In the Rockies

In the Rockies
Butler Gulch

Saturday, December 18, 2010

Holiday Thoughts

Yes--this is how winter in the Colorado mountains looks. It is not how winter in Boulder looks.
For those of you who know the park, you'll recognize this as a shot of Mills Lake taken on a snowshoe hike a couple of weeks ago. Alas, the ground is not white in Boulder nor has it been for more than an hour or two this season.
Sounds and smells of Christmas have enlivened gatherings with friends, old and new. A small but brightly decorated tree--the efforts of Sam and me--brings the scents and color of the season into this cozy abode. Lamb stew and Cornish hens graced the table, eaten heartily by friends. Cookie cutters are being gathered for that rolling, cutting and smearing of red and green across the likes of Santas and Rudolphs (photos will come later).
Yesterday's sermon reminded us to listen for God's voice in our dreams, in quiet moments, and to remember that His messages sometimes require us to step out, to show ourselves as the messy humans we are. The story of the Babe born in a manager reminds us that God's love is evoked in unexpected places. It reminds us of the new being born in us, no matter our ages. And it reminds us of deep love. May that love be born anew in all of us this Christmas season. May the light kindled in the Temple in Jerusalem long ago and celebrated in the Hanukkah season, continue to burn anew in our hearts all the year long. May all who remember losses this season, be reminded of joyous memories.
From Thomas Merton -- "Let me seek, then, the gift of silence . . . where everything I touch
is turned into a prayer: where the sky is my prayer, the birds are my
prayer, the wind in the trees is my prayer, for God is all in all.
Thoughts in Solitude

Friday, December 3, 2010

Exposure and Cover

Exposure has been on my mind and heart the past few weeks. I've needed to reach a place where it felt safe to write about it.

My reasons for pondering exposure have been (and still are) the feelings I continue to have that the time to publish my childhood memoir is near--that I'm being urged by the Spirit to push in that direction. Exposure for my little girl self doesn't feel so scary. Like the smaller bushes in the pictures, there isn't so much of me to show. It was more what was happening to me. The day I photographed the bare-limbed bushes I had to wait through a gale of wind so that I could hold the camera still. As a child in hard situations, words, switches, and snapping ropes were the gales I weathered. I was blessed to find nurture in the fields and woods of our farm, in the trees and skies in all seasons.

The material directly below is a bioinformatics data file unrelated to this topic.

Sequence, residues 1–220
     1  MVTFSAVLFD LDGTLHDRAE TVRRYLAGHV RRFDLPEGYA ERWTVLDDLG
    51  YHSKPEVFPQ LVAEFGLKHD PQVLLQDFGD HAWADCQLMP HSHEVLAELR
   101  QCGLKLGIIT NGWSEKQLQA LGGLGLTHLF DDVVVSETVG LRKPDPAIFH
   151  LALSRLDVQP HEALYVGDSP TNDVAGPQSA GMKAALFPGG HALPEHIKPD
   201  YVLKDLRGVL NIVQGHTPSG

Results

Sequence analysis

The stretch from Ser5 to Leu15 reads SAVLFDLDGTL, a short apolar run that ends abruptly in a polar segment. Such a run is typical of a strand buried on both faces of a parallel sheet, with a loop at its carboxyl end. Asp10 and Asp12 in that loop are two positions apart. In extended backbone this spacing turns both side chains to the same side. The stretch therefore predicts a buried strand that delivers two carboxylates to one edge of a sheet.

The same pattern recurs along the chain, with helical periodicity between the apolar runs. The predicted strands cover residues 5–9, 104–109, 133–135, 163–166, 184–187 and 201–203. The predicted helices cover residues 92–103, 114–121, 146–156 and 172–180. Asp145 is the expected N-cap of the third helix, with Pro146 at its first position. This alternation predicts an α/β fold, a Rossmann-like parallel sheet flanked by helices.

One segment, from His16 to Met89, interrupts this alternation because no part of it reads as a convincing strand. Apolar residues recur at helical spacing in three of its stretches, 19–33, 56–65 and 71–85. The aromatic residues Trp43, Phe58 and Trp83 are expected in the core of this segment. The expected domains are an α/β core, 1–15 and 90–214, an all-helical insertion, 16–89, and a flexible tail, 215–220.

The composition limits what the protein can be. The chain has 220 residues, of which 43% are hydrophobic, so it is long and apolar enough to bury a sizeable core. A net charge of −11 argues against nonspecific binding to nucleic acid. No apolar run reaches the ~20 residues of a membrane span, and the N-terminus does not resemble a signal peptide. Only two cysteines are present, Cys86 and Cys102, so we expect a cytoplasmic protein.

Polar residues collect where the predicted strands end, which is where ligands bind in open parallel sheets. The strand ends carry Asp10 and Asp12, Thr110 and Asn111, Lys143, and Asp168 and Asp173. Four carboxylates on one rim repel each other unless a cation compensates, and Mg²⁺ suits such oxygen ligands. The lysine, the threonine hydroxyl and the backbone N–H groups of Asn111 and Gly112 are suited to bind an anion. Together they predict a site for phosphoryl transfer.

The teenager that still lives inside, however, hollers out in protest to my planned exposure. She relates to the tall bare aspen--so stark against the surroundings. Couldn't she borrow the cover of the evergreens? What about the snow? Looking at the snow scene, at the bottom it's difficult to know what's underneath. Higher up there are glimpses of the underlying rocks. That was how the teenage Margaret lived--cover, cover, and then a glimpse and more cover. Exposure of her nakedness and the violence done to her body should only be done in service to others whose exposure has brought them harm--and for whom her story might aid their healing.

There is beauty in the snow cover. What about the beauty of strength in the bare trees? The wounds on their trunks show. As a child, I decided that winter was a time for the trees to rest, but I worried that they had no protection from the wind and cold. Exposure and no protection--that was the teenager's situation so she covered herself and kept quiet so others would not know.

The exposed gnarled tree roots pulled out of the soil by years of strong winds, but holding still speak to the woman I am today. Exposing those roots as I have slowly done has allowed me to see the beauty and strength in that little girl with the golden curls--and to see and feel her anguish. I've hugged and loved her. It's that teenager who pushes away the hugs, who says leave me alone, don't expect me to care about helping, I want to hide under the white cover of snow.

My healing image these days is one that I wouldn't have expected. The Reverend Dr. Art Latta, in his work with me, encouraged a connection with the crucified Christ as I remembered the abuses of my childhood. For the most part I resisted. I didn't really believe that Christ had to be crucified for God to show love to humankind--and I still don't. My suffering wasn't about salvation either. So imagine my surprise when the image that came to me as I experienced the shame and pain of my teenage horrors was that of my body being carried by loving hands next to an image of Jesus' body being carried away from the crucifixion site by his friend. This image has continue to show up when I allow myself to relive those feelings and bring them up for healing. I must not yet have divined its full meaning. More pondering, more healing, and more exposure lies in wait.